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The Trump administration announced it will stop all non-essential traffic across the U.S.-Mexico border, starting at midnight, following concerns about the transmission of coronavirus by migrants and cross-border traffic.
U.S. Secretary of State Mike Pompeo announced the decision during the White House press briefing Friday. The travel rules effectively add Mexico to a list of countries from which travel to the U.S. is blocked.
The travel restrictions do not apply to U.S. citizens or lawful permanent U.S. residents.
During the press briefing, Department of Health and Human Services secretary Alex Azar said border detention facilities are not capable of safely housing illegal entrants into the U.S. in accordance with disease prevention guidelines. Those illegal entrants are typically kept in a “congregant setting.”
Azar said migrants with coronavirus have already spread it to other migrants, border agents and even to U.S. citizens.
“In such circumstances, the kind of social distancing measures the CDC and the President have recommended are simply not possible,” Azar said. “On top of that, any resources that we are using to reduce the risk of infection amongst CBP patients, healthcare workers and migrants in these facilities are drawing on an American health care system that is already fighting the coronavirus pandemic.”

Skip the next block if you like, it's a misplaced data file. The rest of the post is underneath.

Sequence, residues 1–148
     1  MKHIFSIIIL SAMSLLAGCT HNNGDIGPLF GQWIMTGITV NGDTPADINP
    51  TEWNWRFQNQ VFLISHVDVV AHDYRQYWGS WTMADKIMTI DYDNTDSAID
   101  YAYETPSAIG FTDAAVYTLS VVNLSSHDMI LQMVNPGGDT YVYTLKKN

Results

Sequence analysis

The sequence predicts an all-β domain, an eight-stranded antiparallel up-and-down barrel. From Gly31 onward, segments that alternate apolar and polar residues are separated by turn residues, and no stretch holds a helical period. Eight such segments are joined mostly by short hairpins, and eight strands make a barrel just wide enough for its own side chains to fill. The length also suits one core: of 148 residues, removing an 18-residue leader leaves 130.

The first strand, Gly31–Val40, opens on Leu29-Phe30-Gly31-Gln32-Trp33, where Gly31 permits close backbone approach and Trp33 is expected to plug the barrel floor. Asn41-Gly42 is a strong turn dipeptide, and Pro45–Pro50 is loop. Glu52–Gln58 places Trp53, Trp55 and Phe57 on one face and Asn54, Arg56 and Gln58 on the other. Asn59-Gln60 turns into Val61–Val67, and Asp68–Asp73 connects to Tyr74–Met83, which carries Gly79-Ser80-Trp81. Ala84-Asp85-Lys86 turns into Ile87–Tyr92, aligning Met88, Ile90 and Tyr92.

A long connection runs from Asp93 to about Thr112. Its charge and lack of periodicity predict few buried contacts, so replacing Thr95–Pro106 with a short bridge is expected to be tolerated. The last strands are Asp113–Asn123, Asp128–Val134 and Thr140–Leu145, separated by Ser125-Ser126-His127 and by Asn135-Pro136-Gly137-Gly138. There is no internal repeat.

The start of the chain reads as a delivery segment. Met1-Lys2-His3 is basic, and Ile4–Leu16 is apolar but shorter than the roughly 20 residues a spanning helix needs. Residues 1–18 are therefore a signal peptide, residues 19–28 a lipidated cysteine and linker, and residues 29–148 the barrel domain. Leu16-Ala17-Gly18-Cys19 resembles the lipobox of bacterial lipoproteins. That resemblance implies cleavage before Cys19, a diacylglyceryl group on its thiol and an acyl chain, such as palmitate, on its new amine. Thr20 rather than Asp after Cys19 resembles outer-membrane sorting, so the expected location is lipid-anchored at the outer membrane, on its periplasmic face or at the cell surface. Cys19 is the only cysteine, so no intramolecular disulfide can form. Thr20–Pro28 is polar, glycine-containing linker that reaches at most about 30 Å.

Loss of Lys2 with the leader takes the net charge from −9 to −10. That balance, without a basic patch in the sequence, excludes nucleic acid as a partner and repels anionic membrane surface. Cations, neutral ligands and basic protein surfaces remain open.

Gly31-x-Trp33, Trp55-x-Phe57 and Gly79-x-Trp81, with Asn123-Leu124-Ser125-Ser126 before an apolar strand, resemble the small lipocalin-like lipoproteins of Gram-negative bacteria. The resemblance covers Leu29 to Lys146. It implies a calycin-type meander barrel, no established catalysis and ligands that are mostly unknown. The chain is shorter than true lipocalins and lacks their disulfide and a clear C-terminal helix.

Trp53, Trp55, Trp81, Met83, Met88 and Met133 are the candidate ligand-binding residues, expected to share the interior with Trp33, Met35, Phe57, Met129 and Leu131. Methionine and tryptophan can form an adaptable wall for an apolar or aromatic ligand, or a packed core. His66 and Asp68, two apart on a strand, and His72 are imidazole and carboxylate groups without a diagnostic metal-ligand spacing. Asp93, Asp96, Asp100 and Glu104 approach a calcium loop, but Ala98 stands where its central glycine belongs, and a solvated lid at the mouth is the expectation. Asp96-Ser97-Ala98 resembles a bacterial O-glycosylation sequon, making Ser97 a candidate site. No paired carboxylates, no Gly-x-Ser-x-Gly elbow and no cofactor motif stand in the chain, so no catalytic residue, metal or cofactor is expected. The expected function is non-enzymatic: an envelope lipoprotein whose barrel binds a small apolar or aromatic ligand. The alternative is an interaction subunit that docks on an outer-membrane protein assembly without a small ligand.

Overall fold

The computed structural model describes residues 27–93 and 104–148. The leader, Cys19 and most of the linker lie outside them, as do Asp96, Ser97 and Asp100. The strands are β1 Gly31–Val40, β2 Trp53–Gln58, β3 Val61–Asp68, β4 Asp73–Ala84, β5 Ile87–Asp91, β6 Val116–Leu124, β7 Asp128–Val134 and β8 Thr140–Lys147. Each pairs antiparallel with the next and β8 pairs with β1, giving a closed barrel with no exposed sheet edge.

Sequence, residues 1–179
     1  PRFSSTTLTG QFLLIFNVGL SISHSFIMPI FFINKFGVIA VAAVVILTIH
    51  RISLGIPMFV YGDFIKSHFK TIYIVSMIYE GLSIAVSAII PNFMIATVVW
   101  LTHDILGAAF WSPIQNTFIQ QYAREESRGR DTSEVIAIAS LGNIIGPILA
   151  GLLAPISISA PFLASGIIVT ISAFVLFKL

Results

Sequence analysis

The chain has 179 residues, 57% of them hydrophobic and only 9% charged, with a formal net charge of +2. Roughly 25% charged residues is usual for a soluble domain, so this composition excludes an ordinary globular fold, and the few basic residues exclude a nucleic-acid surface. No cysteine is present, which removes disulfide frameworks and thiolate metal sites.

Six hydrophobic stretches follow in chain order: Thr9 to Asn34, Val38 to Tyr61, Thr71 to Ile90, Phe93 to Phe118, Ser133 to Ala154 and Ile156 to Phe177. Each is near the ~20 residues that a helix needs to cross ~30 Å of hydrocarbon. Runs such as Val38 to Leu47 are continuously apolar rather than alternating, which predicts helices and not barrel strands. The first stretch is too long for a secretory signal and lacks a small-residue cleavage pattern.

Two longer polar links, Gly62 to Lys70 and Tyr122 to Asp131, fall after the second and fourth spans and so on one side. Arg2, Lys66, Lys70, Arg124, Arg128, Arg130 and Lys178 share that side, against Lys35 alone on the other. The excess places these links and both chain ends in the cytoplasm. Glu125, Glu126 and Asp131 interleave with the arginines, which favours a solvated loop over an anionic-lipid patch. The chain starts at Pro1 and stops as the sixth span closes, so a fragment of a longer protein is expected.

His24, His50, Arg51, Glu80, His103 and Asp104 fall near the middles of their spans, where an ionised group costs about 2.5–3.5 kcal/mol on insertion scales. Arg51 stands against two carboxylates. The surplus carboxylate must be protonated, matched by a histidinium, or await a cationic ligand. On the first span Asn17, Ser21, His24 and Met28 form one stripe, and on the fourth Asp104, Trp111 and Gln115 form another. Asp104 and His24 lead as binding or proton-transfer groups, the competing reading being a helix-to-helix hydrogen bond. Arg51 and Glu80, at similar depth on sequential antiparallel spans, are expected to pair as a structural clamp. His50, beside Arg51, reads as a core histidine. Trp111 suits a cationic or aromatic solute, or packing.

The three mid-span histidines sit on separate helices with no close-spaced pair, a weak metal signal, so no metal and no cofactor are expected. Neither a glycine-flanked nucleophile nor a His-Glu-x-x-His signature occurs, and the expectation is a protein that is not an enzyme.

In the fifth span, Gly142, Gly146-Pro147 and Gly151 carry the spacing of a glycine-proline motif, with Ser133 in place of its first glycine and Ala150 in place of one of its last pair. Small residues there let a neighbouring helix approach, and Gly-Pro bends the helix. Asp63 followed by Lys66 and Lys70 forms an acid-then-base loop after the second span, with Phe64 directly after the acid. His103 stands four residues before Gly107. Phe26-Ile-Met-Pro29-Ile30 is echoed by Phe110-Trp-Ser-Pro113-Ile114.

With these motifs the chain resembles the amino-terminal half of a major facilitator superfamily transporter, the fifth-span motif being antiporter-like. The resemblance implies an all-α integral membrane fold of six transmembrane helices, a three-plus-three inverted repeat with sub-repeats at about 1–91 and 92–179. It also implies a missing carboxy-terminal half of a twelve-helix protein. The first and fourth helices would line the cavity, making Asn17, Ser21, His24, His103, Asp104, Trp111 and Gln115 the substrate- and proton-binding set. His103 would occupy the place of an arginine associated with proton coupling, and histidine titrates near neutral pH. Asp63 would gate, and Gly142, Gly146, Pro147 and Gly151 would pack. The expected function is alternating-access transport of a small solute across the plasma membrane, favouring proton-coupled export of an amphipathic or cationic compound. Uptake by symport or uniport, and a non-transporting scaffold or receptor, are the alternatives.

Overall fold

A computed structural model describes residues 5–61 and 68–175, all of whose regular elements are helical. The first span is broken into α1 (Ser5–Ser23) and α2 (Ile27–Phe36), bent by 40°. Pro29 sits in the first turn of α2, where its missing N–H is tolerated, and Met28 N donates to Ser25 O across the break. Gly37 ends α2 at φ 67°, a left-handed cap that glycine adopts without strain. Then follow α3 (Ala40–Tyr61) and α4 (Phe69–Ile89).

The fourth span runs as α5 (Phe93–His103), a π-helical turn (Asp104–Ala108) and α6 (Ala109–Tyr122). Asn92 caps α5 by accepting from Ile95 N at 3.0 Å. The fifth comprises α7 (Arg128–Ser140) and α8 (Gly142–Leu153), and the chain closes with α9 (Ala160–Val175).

The decision to close the border between the U.S. and Mexico comes two days after President Donald Trump indicated a mutual decision between the U.S. and Canada to discontinue all non-essential traffic across the U.S.-Canadian border, with exceptions for commercial traffic.
Acting Homeland Security Secretary Chad Wolf said Friday that the U.S., Mexico and Canada “want to make sure cargo continues, trade continues, healthcare workers continue to be able to traverse that border. But tourism, some recreational activities and other things need to stop during this crisis.”
Trump announced other actions to provide financial relief for Americans amidst the disruptions caused by the coronavirus. Trump announced a suspension of federal standardized testing requirements for the current year for students in elementary through high school education.
Trump also announced his administration had waived interest on all federally held student loans and said U.S. Education Secretary Betsy DeVos directed federal lenders to allow borrowers to suspend student loan payments without penalty for up to 60 days. He said the pause on student loan payments may be extended as needed.
The U.S. Treasury Department has also agreed to delay tax filing deadlines and push them back from April 15 to July 15.
“Families and businesses will have this extra time to file with no interest or penalties. We’re getting rid of interest and penalties,” Trump said, “however if you have refunds or credits you would like to claim you can still file.”